Are there Benefits to Genetically Modified Food?

What exactly is genetically modified food (GMO)? How is it produced? What effects does it have on people and on the environment? There are many questions about this topic, so we'll try to answer some of the most common ones here today.
Are there Benefits to Genetically Modified Food?
Samuel Antonio Sánchez Amador

Written and verified by the biologist Samuel Antonio Sánchez Amador.

Last update: 27 May, 2022

Genetically modified food (GMO) is more common than ever. Still, people often view it as the product of a dystopian society. Thus, there’s a tendency to reject it. After all, modifying something as established as the genetic code of our surroundings can’t be good, right?

Thus, different interviews revealed that the rejection of these types of food is fairly high among the population. This is because 33.4% of those interviewed think they provide more harm than benefits, while their acceptance is only 22.8%.

There are still mixed feelings on this topic, but first, let’s be clear as to what a GMO actually is.

What’s genetically modified food?

Genetically modified food is food resulting from an organism modified by genetic engineering. In these foods, genes from another living being have been incorporated to produce the desired characteristic. Therefore, not all commercial foods have this characteristic.

Also, it’s important to differentiate between genetic and transgenic selection. Many types of food are products of the intentional crossing of plants with the best possible genetics. (Those with the largest seeds, the most striking fruits, the best colors, etc.). These aren’t transgenic, though.

To meet this condition, their genome must’ve been artificially modified somehow.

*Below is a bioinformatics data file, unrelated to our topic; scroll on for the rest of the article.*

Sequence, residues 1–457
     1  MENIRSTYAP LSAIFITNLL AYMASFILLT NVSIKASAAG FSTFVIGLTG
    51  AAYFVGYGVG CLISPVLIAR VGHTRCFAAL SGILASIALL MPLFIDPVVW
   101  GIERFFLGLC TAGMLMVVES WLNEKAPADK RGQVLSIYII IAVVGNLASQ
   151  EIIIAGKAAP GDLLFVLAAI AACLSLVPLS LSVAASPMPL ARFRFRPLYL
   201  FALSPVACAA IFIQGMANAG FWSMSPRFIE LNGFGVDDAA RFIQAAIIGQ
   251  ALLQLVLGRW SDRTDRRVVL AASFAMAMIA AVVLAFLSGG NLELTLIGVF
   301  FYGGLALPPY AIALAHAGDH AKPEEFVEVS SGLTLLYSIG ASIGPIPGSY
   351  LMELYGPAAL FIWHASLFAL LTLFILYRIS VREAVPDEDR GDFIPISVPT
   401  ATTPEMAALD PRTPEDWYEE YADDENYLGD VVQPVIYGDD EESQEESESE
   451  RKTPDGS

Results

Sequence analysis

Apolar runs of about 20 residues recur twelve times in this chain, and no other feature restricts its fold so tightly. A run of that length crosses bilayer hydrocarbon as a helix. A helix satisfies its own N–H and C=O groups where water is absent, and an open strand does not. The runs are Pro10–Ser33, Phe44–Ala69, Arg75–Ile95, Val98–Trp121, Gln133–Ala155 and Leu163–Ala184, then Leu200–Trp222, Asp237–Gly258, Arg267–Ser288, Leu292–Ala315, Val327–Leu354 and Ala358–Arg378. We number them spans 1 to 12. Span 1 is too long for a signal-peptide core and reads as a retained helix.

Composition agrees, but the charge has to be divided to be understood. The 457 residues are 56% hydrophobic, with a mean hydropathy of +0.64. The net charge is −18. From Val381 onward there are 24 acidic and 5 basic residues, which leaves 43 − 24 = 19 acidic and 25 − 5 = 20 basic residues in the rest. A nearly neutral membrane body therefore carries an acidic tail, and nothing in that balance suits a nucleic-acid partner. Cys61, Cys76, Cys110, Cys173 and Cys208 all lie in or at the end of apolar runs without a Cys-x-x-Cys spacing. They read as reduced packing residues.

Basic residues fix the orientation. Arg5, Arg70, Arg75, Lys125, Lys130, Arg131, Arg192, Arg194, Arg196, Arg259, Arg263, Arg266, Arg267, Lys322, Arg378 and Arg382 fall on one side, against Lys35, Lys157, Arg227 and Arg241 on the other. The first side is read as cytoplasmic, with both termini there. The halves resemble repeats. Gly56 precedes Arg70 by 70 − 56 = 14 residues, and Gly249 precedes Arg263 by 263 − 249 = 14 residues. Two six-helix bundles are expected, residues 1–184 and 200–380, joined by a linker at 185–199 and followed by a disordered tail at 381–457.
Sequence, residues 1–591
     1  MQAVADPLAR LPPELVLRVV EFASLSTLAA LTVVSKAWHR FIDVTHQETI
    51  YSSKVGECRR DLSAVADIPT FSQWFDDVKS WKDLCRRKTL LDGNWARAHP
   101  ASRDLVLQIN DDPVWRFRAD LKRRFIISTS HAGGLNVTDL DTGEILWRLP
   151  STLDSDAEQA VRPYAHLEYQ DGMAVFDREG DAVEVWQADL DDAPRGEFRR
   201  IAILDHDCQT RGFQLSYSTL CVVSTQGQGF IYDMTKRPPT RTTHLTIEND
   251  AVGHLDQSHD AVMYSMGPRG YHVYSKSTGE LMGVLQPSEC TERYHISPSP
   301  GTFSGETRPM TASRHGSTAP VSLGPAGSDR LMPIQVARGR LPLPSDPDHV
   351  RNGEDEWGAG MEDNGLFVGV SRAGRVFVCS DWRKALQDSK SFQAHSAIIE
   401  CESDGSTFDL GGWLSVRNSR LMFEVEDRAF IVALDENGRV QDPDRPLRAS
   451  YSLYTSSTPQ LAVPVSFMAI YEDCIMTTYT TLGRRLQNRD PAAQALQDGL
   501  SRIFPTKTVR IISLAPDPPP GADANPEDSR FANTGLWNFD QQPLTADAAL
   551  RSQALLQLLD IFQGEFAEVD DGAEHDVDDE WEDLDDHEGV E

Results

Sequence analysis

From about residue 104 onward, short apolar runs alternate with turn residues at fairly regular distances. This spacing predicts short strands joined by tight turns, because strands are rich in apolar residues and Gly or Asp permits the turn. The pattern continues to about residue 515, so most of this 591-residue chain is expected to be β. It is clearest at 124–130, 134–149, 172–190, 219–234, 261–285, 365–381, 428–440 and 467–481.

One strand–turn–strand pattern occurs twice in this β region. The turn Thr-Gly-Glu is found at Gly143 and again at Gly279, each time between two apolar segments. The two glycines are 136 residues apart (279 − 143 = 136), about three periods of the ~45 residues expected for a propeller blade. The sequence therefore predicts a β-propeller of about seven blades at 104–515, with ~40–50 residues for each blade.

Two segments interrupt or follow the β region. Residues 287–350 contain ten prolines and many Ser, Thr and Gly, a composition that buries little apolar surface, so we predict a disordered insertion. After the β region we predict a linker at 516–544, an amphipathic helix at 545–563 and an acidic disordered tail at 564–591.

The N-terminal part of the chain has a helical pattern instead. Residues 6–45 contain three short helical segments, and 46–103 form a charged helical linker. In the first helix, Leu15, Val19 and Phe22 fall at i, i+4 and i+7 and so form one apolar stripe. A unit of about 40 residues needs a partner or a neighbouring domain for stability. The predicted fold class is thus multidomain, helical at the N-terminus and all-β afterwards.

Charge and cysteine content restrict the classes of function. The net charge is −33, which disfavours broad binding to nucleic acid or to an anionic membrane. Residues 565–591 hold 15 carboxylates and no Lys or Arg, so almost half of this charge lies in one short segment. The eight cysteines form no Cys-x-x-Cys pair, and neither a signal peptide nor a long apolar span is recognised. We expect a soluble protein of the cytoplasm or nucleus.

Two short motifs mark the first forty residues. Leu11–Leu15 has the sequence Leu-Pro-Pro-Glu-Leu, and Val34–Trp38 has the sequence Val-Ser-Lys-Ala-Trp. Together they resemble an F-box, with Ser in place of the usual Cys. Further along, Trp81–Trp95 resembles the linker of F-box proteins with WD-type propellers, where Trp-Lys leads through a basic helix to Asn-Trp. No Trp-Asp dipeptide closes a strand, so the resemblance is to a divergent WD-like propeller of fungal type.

This may sound complex. In fact, it is! Therefore, we’ll limit the explanation of how companies produce transgenic food to its most basic concepts:

  • First, the bacterium Agrobacterium tumefaciens has the ability to transfer genetic information to plants. It enters through any lesions these might have. They go into the intercellular spaces and introduce genetic information in the form of a plasmid. This integrates into some areas of ​​the plant’s genome.
  • Thus, this bacterium acts as a vehicle for the transmission of DNA. The plasmid it transmits has been modified in advance by introducing genetic information to it (other bacteria with the desired characteristic).
  • Therefore, it forms a new, transgenetic food.

This formula is a simple way to understand one of the most widespread methods of transgenic production.

Various plants under a petri dish.
GMO foods come from genetically engineered organisms.

What benefits do transgenic foods provide?

Multiple studies, such as one published in the Journal of the Royal Society of Medicine, capture the benefits of genetically modified foods.

First of all, one must take into account that there are more than 840 million people on the threshold of poverty on the planet. Furthermore, they seldom reach a daily caloric intake of 2,000 kilocalories. Thus, human action is necessary to source resources.